The Church of England has backed a ban on gambling adverts shown during live sporting events.
Lord Chadlington, a Conservative peer in the House of Lords, has formed an alliance with Labour, LibDems, SNP and the Church of England to urge ministers to ban gambling adverts during live sporting events where they can be watched by children.
Chadlington has suggested the government adopts the Australian model where gambling ads are banned during sporting events as well as an hour before and an hour after in order to stop “highly addictive” in-match betting.
According to the Telegraph, Lord Chadlington stated that this would be the first step towards an outright ban on the ads. The Conservative peer also launched a Populus poll of 2000 people and over half of all respondents backed a ban on gambling adverts while only 14% opposed it.
He said in a statement: “It is scandalous that since the 2005 Gambling Act, successive government have been so slow to recognise that the UK is on the lip of a gambling epidemic.
“My grandchildren may well look back on this period of UK social history when we allowed almost unfettered gambling marketing with the same bewilderment that we all now look back a time when cigarette smoking was freely advertised on TV.”
The Rt Reverend Alan Smith, the Bish of St Alban’s and the Church of England’s boss agreed with the ban in an interview with the Telegraph.
He said: “The firms have singularly failed to exercise any sort of restraint. In order to protect vulnerable people, we have to explore legislation as they are not prepared to be responsible.
“It is not just the amount of it but also the style that wills people to bet in a short time on something that will happen in the next few minutes which is particularly problematic for addicts.”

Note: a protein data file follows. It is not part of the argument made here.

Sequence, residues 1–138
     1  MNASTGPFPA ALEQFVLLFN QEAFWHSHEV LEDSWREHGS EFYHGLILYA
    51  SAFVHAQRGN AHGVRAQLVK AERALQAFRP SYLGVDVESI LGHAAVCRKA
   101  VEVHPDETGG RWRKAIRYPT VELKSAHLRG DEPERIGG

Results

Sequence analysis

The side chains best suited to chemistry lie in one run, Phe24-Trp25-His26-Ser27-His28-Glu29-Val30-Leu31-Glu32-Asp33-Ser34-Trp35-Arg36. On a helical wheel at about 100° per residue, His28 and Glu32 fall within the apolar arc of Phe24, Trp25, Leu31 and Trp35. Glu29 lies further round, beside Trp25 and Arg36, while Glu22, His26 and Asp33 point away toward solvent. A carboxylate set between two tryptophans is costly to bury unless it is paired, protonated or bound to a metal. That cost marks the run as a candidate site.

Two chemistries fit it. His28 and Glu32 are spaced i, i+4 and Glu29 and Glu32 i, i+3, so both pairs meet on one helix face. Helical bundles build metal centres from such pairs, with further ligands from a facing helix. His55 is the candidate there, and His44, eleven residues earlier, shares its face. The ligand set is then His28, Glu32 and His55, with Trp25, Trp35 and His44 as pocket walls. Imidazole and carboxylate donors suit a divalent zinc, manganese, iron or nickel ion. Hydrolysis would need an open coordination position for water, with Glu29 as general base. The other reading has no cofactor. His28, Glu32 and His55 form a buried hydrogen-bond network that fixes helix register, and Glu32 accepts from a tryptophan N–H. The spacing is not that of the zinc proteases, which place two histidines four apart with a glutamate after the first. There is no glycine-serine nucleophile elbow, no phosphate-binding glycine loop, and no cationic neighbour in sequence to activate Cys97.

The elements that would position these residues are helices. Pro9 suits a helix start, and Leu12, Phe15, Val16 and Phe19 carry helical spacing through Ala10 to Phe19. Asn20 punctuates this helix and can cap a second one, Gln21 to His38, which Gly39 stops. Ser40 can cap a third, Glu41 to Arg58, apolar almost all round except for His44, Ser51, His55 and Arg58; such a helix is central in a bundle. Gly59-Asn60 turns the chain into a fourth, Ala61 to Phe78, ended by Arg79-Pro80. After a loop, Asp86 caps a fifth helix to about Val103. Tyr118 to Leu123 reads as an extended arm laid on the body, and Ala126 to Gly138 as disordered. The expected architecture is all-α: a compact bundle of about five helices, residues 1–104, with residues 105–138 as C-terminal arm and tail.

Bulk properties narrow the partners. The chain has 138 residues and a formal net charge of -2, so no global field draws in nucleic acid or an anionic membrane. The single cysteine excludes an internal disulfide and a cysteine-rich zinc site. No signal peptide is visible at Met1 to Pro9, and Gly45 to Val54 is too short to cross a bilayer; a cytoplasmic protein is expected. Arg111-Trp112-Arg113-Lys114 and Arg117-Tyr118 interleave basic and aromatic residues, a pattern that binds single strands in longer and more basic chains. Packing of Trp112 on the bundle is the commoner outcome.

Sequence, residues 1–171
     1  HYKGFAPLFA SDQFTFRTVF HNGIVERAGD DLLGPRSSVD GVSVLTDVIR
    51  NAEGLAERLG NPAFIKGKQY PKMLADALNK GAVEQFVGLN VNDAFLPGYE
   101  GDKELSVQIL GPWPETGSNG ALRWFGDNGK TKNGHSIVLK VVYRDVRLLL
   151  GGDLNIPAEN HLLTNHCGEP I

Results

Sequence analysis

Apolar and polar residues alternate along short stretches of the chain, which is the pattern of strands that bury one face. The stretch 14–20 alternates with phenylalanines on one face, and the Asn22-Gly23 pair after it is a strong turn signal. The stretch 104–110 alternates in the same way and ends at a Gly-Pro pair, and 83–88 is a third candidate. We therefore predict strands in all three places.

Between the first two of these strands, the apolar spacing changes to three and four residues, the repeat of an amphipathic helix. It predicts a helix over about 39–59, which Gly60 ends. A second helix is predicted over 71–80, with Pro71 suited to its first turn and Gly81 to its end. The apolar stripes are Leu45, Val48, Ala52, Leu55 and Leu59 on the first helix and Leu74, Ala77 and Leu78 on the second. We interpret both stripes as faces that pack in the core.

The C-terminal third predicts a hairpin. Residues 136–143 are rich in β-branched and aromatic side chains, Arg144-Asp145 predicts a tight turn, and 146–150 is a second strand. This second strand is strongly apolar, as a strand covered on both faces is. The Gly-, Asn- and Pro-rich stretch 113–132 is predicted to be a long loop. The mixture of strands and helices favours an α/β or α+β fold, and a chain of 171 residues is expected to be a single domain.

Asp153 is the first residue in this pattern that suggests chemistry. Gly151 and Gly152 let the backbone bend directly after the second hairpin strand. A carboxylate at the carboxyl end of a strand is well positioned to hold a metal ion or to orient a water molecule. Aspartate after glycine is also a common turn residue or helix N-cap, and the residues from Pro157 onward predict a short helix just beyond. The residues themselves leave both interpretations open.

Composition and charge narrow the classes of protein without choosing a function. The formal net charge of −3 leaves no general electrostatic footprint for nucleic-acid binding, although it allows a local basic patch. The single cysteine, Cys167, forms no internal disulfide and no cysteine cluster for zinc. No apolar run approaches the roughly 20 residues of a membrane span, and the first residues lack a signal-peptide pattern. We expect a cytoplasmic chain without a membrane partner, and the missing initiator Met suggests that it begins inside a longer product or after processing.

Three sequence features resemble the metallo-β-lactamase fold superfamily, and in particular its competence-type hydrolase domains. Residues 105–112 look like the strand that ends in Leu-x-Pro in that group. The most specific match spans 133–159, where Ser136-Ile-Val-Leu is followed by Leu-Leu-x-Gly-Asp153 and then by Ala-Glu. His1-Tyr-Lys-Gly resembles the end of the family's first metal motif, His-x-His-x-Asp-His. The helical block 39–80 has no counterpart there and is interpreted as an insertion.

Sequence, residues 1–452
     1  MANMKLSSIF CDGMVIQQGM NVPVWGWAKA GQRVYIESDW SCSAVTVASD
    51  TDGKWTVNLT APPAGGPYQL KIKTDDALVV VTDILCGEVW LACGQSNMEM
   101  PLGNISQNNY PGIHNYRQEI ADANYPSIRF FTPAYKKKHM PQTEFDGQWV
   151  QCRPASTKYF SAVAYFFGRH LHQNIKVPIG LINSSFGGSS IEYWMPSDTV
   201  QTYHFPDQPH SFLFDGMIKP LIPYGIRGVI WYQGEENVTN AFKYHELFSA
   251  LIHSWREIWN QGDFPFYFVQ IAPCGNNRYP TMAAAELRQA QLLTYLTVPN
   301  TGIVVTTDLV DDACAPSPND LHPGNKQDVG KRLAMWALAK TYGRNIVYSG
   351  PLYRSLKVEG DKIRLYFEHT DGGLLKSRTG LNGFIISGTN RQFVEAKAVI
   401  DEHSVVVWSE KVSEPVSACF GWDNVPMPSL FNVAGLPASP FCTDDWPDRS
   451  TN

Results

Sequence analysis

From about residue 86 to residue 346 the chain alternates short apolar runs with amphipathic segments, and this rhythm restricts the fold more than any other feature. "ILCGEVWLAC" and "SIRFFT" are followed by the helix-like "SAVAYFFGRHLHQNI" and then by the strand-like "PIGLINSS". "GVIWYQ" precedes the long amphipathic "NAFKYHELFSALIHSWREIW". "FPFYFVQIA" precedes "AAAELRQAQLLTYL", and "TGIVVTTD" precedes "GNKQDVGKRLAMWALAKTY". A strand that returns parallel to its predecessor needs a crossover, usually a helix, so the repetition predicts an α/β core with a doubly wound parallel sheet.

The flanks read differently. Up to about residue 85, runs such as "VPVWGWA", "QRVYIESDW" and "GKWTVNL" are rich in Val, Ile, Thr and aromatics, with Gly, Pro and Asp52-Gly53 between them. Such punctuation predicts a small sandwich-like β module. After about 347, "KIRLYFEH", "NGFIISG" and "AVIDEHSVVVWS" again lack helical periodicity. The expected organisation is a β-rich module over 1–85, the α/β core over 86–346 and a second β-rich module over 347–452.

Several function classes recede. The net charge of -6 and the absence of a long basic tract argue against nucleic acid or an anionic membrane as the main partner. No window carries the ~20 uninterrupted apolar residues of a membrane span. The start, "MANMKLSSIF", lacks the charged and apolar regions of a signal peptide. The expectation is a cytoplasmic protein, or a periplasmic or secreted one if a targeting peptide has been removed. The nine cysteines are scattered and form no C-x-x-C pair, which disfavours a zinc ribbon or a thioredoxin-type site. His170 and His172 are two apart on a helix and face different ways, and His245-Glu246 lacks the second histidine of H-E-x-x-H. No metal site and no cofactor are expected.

Alan Smith hasn’t been the only one to back a ban on gambling adverts. LibDem leader Vince Cable said: “I am totally supportive of closing this loophole that can cause serious harm. This is clearly a sensible move to tackle addictive gambling.”
SNP MP Ronnie Cowan agreed with the move and said that the amount of live sports betting was “alarming”. She added: “We risk normalising gambling to generations of younger people before they are even allowed to legally place a bet.”
In addition to this, Lord Chadlington wants to review a ban on loot box gambling in video games, rewards in video games that contain items hidden from view until after they have been won or purchased. He’s also urged for an increase in the levy on gambling firms to help problem gamblers and educate the younger generation, the Telegraph reports.
The news comes after Labour announced a series of new gambling-related policies to tackle the issue of problem gambling. One of the new policies included a ban on gambling ads during live sporting events.
Meanwhile, the boss of Ladbrokes and Coral joined in on the debate by urging for ban up to the 9 pm watershed.